The big, burning questions: is there a difference between marketing and communications? Where does communications end and marketing begin?
This is a query many a professional marketeer or communicator has grappled with and it’s certainly true that over the years, these different fields have increasingly overlapped.
In a classic GCSE essay tactic, I turned to the dictionary:
Marketing n. the action or business of promoting and selling products or services.
Okay, so that seems fairly clear…
Communication n. the imparting or exchanging of information by speaking, writing, or using some other medium.
That makes sense to me,too.
As a small business or not-for-profit, if you want to grow your reputation and business you can’t really have one without the other.
No doubt, one of your goals as a business is to sell your product or service.
However, the success of this depends on understanding your business, your ideal audience and strategic goals.
There are some brilliant marketeers who appreciate this and think beyond the scope of selling and see the sales funnel to be more than just putting an ad in front of someone.
Just want to give a shout out to Knowlton Marketing who are awesome communicators – it doesn’t even feel like selling!
There are also some brilliant communicators who appreciate that a compelling story and great reputation won’t always convert to sales without a little nudge here and there.
If you are working with someone who calls themselves a marketeer but doesn’t take the time to understand your business or makes assumptions about your ideal customer, this is a red flag.
In a similar vein, an experienced communicator should start with analysis and strategy because your reputation will flow from that.
If you’re working with either a professional communicator or marketeer and they get straight into the ‘doing’, you might need to adjust your expectations to suit short-term vanity metrics.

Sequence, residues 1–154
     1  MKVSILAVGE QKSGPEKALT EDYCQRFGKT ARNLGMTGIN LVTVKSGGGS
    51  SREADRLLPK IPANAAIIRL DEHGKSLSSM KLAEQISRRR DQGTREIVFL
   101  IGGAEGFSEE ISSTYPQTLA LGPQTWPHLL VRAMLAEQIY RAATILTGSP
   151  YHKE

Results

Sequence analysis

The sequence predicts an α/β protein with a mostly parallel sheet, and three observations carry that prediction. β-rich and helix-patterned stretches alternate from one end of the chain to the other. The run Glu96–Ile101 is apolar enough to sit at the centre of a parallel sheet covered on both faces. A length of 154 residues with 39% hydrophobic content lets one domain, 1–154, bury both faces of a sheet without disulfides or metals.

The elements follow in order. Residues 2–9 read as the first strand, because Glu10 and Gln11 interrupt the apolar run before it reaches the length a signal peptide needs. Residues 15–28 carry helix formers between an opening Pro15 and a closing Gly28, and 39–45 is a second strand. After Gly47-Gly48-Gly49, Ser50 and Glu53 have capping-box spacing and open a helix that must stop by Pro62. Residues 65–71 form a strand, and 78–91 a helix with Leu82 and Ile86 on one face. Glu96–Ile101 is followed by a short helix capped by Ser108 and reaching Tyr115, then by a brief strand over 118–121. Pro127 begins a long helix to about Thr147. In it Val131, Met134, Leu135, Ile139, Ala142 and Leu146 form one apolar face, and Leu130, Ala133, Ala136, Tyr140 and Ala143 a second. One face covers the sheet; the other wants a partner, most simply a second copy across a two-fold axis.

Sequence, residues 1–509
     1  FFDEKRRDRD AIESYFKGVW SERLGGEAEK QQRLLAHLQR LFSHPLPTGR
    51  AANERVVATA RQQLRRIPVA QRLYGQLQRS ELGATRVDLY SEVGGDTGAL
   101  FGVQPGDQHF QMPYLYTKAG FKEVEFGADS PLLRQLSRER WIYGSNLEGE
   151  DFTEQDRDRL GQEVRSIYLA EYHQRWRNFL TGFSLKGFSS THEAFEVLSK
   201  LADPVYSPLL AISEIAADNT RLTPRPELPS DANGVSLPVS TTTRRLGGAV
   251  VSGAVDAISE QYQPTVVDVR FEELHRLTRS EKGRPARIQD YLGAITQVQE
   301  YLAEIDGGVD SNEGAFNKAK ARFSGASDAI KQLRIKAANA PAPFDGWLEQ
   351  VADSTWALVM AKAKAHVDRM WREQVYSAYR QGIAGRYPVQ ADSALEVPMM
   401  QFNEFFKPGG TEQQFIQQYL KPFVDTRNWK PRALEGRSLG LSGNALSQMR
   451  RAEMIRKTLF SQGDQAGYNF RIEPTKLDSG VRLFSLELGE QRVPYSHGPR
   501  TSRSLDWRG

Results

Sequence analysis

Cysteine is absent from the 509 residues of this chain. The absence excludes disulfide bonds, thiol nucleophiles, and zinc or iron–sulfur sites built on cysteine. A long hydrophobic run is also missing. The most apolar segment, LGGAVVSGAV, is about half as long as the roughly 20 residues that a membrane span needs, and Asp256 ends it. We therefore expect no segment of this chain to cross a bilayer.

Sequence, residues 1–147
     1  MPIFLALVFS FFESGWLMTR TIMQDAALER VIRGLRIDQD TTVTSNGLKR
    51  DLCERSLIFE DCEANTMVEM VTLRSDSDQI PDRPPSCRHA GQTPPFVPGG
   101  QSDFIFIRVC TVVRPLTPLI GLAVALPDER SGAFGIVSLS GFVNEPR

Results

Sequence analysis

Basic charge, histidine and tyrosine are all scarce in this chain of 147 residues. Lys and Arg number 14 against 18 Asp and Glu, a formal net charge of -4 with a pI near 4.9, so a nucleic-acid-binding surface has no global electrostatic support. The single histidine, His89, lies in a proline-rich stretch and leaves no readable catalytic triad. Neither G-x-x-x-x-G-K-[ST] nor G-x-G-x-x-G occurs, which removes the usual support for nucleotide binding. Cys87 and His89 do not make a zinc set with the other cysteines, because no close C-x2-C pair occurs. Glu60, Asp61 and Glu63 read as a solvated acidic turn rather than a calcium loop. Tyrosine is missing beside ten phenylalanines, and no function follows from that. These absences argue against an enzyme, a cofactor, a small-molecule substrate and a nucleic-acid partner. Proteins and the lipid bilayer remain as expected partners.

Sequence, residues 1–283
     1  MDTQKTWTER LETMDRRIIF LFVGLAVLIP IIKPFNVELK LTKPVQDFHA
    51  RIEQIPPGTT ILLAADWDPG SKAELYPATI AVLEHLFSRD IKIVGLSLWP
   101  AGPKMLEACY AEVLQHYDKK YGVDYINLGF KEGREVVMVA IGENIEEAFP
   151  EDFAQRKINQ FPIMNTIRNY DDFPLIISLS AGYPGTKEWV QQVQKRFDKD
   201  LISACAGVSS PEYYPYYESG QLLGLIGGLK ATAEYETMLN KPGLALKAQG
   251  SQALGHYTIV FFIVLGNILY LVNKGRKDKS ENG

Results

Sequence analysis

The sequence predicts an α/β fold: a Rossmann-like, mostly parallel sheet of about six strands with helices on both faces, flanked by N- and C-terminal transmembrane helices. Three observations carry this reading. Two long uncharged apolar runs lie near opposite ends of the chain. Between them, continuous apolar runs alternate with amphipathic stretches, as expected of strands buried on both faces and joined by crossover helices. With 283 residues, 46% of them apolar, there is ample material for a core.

Taking your ideal audience from awareness through to sales and even advocacy is about more than selling a product.
It’s about your mission, values, credibility and reputation – this is where professional communicators come in.
Communications people are storytellers of an organisation, and their work should complement the marketing strategy.
Avoid cookie-cutter marketing and communications.
There is no one-size-fits-all when it comes to successfully communicating and marketing a small business or not-for-profit.
That kind of approach undermines the uniqueness of your business and serves the conveyor-belt marketeers or communicators more than you.
With the right strategy, marketing and communications can enhance each other.
More importantly for you as a business owner, together they can bring clarity, efficiency and a better return on investment than if you apply them on their own.
Growing your business purely through a marketing approach can sometimes backfire.
This is especially true if you don’t have the values and reputation to back it up or your potential customer gets tired of pushy tactics.
In this situation, communications strategy offers a conscience that can enhance your marketing so that it has purpose and proof.
It feels counter-productive to slow down marketing tactics but nothing turns off a potential customer than the whiff of BS.
Reputations are built on genuine, two-way communication.
Successful sales start with awareness.
So the truth is they’re not the same but they are better together.
If you want to discuss how a Communications Strategy can enhance the way you market your business, get in touch today.